Monday, April 27, 2009

Election time....

There's a special City Council election in Norwich tomorrow to fill a vacancy on the council. Next week, there are borough elections being held across the state. It's localelection time, so I thought, for anyone who might have missed it, it would be worthwhile to post a copy of my column from yesterday's Norwich Bulletin.

I've discussed this particular issue in the past, but it’s worth repeating this morning.

Question: When was the last time the President of the United States wanted to rezone property in your neighborhood for a commercial development?

Or ordered the extension of a sewer line down your street — and you get the bill whether you wanted it or not?

Or decided to eliminate three police officer positions while at the same time approving the construction of a new $30 million police headquarters — that you’ll pay for over the next 20 years?

Answer: Never.

That’s because those are local issues decided by local government. And yet, every four years 80 percent of the registered voters in our communities vote in presidential elections while every two years we’re lucky to see 30 percent turnout for municipal elections. And it’s those municipal contests that have the most immediate impact on our lives.

There’s a special election being held in Norwich Tuesday to fill a vacancy on the Norwich City Council. The expectation is that maybe 10 percent of the city’s registered voters will participate — if we’re lucky. At a candidates forum Wednesday night, only 15 residents came to hear what the two candidates had to say.

This special election is not attracting a lot of interest or generating much excitement. Part of the reason for that are the two candidates themselves.

To put it bluntly, neither is a ball of fire.

If they were interviewing for a job as a motivational speaker, neither would be hired. I do applaud their willingness to serve, but I have to admit, at the candidates’ forum Wednesday there wasn’t a moment where I suddenly had any urge to leap to my feet and applaud.

But that’s not the point, and it certainly isn’t a reason not to be concerned or ignore the contest.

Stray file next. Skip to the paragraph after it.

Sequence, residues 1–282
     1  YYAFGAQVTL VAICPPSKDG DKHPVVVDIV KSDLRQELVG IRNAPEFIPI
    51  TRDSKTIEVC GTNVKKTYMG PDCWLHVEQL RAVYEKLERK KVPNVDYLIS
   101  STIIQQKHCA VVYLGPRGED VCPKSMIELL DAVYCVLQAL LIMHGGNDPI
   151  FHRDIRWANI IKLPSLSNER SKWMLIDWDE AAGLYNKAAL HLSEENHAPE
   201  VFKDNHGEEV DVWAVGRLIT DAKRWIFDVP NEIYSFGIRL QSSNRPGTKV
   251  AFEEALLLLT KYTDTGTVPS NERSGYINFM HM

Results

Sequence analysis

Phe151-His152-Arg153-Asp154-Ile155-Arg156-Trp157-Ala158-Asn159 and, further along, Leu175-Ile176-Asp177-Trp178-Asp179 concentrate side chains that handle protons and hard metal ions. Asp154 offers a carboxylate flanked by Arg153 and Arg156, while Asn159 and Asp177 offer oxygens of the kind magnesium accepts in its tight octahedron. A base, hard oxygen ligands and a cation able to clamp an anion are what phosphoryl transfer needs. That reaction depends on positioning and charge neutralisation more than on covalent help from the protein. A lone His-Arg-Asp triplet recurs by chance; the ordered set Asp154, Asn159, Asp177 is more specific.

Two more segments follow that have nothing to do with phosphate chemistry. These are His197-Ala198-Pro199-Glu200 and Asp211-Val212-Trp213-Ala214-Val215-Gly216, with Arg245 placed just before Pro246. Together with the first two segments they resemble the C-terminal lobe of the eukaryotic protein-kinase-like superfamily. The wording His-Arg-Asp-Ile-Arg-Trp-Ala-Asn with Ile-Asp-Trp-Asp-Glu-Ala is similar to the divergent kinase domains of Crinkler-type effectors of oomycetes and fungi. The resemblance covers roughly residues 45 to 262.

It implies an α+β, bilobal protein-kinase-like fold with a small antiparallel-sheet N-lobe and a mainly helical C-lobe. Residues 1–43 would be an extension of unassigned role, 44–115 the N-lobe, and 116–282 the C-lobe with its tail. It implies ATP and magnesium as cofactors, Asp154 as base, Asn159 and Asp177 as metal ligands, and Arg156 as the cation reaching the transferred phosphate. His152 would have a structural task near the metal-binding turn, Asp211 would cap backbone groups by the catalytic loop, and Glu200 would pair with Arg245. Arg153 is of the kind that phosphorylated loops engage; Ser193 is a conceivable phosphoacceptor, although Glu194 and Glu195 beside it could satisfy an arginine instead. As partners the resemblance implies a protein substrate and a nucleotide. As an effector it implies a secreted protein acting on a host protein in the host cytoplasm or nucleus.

Because they’re not interviewing for a job to be a motivation speaker.

What they hope to claim Tuesday is the position of local policy maker. They want to have the authority to decide what neighborhood will be rezoned to allow commercial development, what streets will get that new sewer line and whether it’s three police officers or three teachers who will be laid off next year.
They want to be part of that very select group of seven whose every decision potentially affects your life.

And one of them will win that right on Tuesday. The question is, which one?

Anyone who has read this column in the past is already aware of my feelings towards giving voters a choice at election time. Too often, voters have no choice. Two years ago in the city’s municipal election, nine candidates ran for the Board of Education. None of them could lose. Each one was guaranteed victory. It was the same situation two years earlier. Your vote didn’t count.

Four years ago, two Republicans ran for City Council. They couldn’t lose. Their election was guaranteed. It didn’t matter what you thought.

That’s not the case this time. There is a choice.

On Tuesday, one will win and join the City Council — and one will not.

The choice of who wins is a decision to be made by Norwich voters. The question is, are you going to make it, or will you be satisfied to let someone else make it for you?


Blogger dweeb said...


Based on a turnout of less than 900out of slightly more than 20,000 registered voters, it bothers me to have to concede that an awful LOT of us didn't seem to mind someone else making the decision.

Polls opened at 6 AM and closed at 8 PM and in 14 hours less than 900 of us made it in to vote.

Of course, the week before at the candidates' forum, only fourteen people could get to that (and two in the audience were high schoolers who aren't old enough to vote in the first place).

Don't know how to fix what's broken in so many aspects of our democratic process but if politics is a game, can't we agree that you must be present to win?

9:21 PM  
Blogger mccommas said...

You got me Mr. Hackett.

Windham's taxes go up every single year. Even election years!

Even this year the Democrats and RINOs sneeked past a small increase that amounts a couple extra days of pay going to town hall.

They squander our money and no one cares but us cranky conservatives.

It wasn't even close 2-1.

1:22 PM  
Blogger mccommas said...

I meant the referendum on the budget if I didn't make that clear.

1:23 PM  

Post a Comment

<< Home